Background. Outbreaks of sepsis associated with Acinetobacter baumannii have been rarely reported in neonatal intensive care units (NICUs). We describe such an outbreak in a NICU, and the results of molecular epidemiologic investigations are presented. Materials and methods. Between August and September 2000, 6 premature infants hospitalized in a pediatric NICU developed A. baumannii sepsis. Three additional cases had Acinetobacter infections during November and December. For an environmental culture survey, 94 environmental specimens and hand washings of all 43 health care workers involved in this unit were examined for the presence of this organism. Two genotyping methods, pulsed field gel electrophoresis of genomic DNA digested with SmaI and infrequent restriction site polymerase chain reaction, were used to analyze the 9 bacteremic isolates and any A. baumannii isolates obtained from the environmental survey and the hand washings. Another 3 bacteremic isolates of A. baumannii collected in the same NICU in 1999 were incorporated as controls. Results. The 9 infants were premature and had birth weights of <1500 g. Before onset of sepsis 9 infants had received total parenteral nutrition, and 8 infants had had central venous catheters and received intrafat emulsion. Five (5.3%) environmental specimens and 10 (23.3%) hand washing specimens were positive for the organism. Except for the strain from Case 9, the results of both genotyping methods were concordant; 11 patterns were identified by infrequent restriction site polymerase chain reaction and 10 patterns by pulsed field gel electrophoresis. One major genotype was demonstrated in the first 6 bacteremic isolates as well as 3 hand washing isolates. The genotypes of the other 3 bacteremic isolates, the 3 control strains, the 5 environmental isolates and 7 other hand washing isolates were distinct from the genotype of outbreak strains. Conclusion. An outbreak of A. baumannii bacteremia in a NICU was clearly demonstrated by the molecular epidemiologic investigation and was possibly transmitted via the hands of health care workers.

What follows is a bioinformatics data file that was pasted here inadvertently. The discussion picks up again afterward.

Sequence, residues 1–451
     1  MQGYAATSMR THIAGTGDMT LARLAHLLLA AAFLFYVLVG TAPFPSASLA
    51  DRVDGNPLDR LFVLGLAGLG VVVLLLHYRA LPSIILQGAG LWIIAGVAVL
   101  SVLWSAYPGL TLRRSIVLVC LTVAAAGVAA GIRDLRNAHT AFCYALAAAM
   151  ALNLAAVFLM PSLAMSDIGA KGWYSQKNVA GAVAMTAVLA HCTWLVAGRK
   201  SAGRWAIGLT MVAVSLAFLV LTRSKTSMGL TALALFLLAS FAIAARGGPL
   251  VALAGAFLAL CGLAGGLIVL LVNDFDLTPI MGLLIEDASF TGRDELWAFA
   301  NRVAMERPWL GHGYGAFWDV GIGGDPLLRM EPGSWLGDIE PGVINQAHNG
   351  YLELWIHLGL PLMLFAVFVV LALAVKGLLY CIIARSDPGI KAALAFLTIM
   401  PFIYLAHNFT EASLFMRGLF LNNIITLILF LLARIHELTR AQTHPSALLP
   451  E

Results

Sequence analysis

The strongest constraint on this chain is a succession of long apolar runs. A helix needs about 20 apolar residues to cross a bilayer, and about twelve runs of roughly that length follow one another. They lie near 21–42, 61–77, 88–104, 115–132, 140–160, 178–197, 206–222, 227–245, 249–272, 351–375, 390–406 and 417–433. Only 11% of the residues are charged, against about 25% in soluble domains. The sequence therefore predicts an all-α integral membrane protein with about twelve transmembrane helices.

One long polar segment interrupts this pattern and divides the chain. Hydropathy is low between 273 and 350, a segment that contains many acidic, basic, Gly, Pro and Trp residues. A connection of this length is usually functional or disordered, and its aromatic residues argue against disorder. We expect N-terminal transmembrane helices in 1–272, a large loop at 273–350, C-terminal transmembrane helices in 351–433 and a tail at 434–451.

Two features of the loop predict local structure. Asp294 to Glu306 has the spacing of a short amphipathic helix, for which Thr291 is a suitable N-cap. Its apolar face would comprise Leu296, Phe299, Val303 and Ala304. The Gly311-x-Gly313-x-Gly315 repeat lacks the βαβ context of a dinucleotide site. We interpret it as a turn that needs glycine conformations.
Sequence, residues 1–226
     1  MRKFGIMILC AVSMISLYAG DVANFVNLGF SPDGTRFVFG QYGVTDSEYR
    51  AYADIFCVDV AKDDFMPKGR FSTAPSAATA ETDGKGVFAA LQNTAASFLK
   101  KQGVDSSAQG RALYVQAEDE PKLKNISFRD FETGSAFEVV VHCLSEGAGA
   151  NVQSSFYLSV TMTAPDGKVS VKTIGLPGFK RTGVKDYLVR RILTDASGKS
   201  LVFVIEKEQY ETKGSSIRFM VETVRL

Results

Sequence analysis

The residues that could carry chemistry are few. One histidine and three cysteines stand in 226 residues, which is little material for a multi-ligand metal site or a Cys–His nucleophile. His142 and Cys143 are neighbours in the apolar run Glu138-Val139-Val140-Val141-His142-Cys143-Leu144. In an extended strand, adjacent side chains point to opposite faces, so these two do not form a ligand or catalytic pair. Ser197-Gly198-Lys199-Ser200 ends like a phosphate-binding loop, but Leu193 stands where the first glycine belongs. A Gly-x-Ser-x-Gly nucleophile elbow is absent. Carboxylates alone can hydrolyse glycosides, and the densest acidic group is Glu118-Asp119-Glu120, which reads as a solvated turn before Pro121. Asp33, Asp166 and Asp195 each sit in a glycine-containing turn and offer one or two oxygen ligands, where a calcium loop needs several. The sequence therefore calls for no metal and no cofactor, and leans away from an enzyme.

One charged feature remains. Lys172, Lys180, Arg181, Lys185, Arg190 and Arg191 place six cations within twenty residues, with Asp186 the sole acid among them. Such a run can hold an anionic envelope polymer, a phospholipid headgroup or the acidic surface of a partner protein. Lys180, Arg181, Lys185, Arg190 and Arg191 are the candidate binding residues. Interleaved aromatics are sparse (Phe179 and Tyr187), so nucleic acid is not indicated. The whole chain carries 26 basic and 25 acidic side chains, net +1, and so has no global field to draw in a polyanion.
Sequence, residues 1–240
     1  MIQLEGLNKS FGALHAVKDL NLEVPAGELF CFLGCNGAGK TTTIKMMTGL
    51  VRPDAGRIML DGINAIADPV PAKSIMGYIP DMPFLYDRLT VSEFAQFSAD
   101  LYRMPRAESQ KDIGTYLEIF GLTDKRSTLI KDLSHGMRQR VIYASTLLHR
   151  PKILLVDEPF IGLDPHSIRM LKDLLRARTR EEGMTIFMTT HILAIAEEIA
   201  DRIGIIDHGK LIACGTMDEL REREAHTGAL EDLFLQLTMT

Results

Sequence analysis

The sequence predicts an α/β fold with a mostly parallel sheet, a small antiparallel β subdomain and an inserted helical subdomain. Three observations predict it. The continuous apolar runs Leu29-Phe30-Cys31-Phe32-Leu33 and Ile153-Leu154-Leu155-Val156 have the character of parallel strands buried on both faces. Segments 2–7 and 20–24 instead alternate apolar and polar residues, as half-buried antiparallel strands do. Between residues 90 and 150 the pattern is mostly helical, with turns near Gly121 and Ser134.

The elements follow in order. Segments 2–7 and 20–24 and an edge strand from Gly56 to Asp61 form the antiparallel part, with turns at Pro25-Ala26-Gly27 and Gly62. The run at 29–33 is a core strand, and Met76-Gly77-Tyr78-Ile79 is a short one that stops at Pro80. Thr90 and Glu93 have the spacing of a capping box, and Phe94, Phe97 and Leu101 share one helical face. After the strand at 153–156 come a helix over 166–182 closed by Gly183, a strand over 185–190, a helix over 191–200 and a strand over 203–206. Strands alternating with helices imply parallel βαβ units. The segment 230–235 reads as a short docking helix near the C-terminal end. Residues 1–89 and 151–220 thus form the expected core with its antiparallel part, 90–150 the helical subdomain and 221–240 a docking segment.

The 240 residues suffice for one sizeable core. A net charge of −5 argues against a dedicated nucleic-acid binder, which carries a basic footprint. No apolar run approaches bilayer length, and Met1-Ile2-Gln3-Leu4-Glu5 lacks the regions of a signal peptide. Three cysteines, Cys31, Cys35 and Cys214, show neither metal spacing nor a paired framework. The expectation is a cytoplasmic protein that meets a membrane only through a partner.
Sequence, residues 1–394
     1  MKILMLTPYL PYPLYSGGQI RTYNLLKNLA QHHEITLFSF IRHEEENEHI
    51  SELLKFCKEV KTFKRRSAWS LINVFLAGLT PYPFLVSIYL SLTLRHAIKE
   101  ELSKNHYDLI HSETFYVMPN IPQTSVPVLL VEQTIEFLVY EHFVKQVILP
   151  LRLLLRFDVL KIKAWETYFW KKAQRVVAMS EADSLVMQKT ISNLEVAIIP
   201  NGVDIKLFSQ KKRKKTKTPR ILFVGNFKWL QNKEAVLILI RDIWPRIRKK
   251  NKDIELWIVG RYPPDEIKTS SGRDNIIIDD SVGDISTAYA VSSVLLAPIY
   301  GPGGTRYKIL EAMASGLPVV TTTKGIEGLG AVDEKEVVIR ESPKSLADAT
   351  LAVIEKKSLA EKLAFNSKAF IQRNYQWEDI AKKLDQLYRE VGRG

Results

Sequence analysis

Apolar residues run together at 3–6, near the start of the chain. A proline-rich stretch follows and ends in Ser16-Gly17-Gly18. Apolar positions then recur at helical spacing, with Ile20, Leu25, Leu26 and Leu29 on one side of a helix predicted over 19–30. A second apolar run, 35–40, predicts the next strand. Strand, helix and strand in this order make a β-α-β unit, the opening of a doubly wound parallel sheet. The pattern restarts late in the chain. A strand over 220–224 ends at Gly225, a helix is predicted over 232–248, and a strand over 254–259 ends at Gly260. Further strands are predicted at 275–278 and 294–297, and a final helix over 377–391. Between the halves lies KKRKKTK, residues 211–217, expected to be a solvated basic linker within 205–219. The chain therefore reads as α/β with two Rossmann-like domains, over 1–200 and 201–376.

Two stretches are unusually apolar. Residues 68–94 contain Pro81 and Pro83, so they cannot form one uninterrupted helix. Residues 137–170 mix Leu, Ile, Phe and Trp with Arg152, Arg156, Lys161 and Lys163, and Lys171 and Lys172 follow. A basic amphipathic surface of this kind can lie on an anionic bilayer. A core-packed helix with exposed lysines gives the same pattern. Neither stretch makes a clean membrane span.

ASJC Scopus subject areas
- Pediatrics, Perinatology, and Child Health
- Microbiology (medical)